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Winning a Defense Verdict for U-Haul in a $130 Million Personal Injury Case

Our Client's Challenge

When a pickup truck pulling a 4x4 vehicle with a tow dolly rented from U-Haul left the highway and rolled over, the company faced a $130 million personal injury lawsuit. The plaintiff, a passenger who was ejected during the accident, sustained a spinal injury that resulted in permanent paralysis. He claimed U-Haul was responsible because it rented the tow dolly, which did not have independent brakes.  

U-Haul turned to Lightfoot, its national litigation counsel for many years, to mount a powerful defense. When the high-stakes Wing v. U-Haul case was tried before a jury in the Superior Court of Arizona in Maricopa County in 2018, the first challenge facing Lightfoot’s defense team was to overcome the judge’s pre-trial ruling that the tow dolly violated an Arizona law requiring any vehicle trailer weighing more than 3,000 pounds to be equipped with independent brakes. In addition, the plaintiff, a single father of a 10-year-old boy, was sympathetic and compelling witness.

Our Approach

When the trial began, the defense argued the court’s finding was the first such decision in the statute’s 40-year history, and that tow dollies were not generally classified as trailers in the rental truck industry.

Lightfoot lawyers then presented the jury with compelling evidence that other factors caused the tragic accident. They began by describing how the pickup’s driver had been traveling at speeds in excess of 80 miles per hour and used the emergency shoulder to pass another vehicle prior to losing control of his vehicle. They also noted the passenger’s failure to wear a seatbelt resulted in his ejection from the pickup during the rollover. Multiple warnings not to exceed 55 mph – both in U-Haul’s rental documents and on stickers placed on the frame of the tow dolly that were easily visible from the pickup’s side-view mirrors – were offered to the jury as evidence of U-Haul’s safety precautions.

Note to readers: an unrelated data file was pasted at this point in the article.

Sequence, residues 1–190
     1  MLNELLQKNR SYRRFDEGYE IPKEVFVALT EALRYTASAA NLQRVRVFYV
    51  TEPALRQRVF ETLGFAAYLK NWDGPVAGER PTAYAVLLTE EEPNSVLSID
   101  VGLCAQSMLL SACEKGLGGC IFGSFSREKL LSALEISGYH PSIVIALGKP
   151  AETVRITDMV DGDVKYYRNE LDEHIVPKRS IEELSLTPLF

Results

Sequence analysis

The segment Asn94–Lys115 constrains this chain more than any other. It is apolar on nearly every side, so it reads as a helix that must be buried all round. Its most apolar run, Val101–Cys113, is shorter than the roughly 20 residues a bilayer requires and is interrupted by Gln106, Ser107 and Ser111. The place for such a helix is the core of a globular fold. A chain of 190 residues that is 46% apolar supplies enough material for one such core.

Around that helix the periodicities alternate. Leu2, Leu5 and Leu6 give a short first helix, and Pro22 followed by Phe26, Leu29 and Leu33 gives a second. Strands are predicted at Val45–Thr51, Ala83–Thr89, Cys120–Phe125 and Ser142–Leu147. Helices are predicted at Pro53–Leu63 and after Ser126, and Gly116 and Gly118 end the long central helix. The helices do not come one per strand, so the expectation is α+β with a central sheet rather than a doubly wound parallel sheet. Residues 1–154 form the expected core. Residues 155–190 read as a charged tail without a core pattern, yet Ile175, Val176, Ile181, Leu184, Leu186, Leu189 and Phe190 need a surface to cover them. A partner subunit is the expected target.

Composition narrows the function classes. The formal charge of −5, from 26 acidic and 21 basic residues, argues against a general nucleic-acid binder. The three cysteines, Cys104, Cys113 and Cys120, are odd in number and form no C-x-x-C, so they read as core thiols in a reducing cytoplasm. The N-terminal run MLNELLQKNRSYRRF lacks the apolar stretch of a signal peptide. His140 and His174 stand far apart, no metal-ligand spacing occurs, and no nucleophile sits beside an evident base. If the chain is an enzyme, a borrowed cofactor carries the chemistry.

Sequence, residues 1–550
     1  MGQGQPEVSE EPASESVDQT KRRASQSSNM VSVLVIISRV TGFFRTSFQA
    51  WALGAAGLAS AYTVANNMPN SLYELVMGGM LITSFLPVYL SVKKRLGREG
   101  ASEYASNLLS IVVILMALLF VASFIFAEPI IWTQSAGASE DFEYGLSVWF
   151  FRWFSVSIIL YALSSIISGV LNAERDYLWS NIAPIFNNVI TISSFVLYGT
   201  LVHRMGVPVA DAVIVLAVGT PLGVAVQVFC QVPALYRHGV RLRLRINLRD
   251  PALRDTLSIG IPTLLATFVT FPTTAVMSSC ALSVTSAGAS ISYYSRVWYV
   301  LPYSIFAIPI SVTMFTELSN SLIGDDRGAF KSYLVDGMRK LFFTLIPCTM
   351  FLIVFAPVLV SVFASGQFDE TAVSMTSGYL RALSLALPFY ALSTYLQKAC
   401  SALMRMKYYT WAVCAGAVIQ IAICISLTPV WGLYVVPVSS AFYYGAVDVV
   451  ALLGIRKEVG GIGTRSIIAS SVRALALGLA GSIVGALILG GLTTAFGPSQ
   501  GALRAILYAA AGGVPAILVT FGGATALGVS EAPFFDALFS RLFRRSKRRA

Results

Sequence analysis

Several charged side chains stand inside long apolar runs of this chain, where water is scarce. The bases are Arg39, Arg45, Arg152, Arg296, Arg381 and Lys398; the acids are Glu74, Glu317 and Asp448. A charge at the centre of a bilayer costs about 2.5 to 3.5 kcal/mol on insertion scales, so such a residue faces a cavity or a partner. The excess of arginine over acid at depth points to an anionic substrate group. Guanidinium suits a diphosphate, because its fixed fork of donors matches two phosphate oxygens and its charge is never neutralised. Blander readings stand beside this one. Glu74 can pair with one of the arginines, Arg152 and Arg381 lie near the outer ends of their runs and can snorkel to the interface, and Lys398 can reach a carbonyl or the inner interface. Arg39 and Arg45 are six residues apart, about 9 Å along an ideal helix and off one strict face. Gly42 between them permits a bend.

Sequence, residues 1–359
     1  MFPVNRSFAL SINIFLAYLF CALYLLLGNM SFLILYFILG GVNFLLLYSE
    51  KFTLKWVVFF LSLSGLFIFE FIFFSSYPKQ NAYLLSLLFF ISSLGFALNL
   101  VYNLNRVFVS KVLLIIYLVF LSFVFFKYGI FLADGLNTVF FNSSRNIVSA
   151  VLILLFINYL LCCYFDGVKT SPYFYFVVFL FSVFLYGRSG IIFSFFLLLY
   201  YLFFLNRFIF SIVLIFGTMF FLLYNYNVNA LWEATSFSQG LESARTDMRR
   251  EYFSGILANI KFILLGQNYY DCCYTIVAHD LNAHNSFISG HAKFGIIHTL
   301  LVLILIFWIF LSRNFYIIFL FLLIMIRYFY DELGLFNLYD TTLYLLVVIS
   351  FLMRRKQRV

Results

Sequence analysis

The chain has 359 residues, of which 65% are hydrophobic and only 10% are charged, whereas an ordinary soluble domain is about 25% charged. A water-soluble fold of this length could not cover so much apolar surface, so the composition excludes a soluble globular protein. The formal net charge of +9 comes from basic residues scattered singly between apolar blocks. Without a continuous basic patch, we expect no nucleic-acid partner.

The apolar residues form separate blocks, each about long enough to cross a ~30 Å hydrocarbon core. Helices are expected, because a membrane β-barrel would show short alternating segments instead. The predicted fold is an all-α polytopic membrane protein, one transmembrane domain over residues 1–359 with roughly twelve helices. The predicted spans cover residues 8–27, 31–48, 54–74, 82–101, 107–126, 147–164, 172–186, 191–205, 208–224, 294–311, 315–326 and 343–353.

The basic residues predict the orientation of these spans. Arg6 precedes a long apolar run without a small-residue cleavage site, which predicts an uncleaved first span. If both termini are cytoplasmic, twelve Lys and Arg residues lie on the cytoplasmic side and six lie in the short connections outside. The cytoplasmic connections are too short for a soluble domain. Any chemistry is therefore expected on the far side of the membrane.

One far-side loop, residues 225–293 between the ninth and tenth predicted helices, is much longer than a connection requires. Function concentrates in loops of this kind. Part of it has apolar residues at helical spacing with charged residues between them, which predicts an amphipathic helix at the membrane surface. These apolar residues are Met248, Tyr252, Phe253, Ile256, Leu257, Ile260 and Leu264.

The Result

Following weeks of testimony and two days of deliberation, the jury accepted the strong evidence that excessive speed – not the U-Haul tow dolly – caused the rollover, and that the plaintiff would not have been severely injured had he been wearing a seatbelt. As a result, the jury found for U-Haul on all claims. 

The victory was cited by Courtroom View Network (CVN) as one of its “Top 10 Most Impressive Defense Verdicts of 2018.” In ranking Wing v. U-Haul in second place on its list, CVN commended Lightfoot for “taking on a plaintiff represented by a firm with a national reputation for both its plaintiff and defense work.” 

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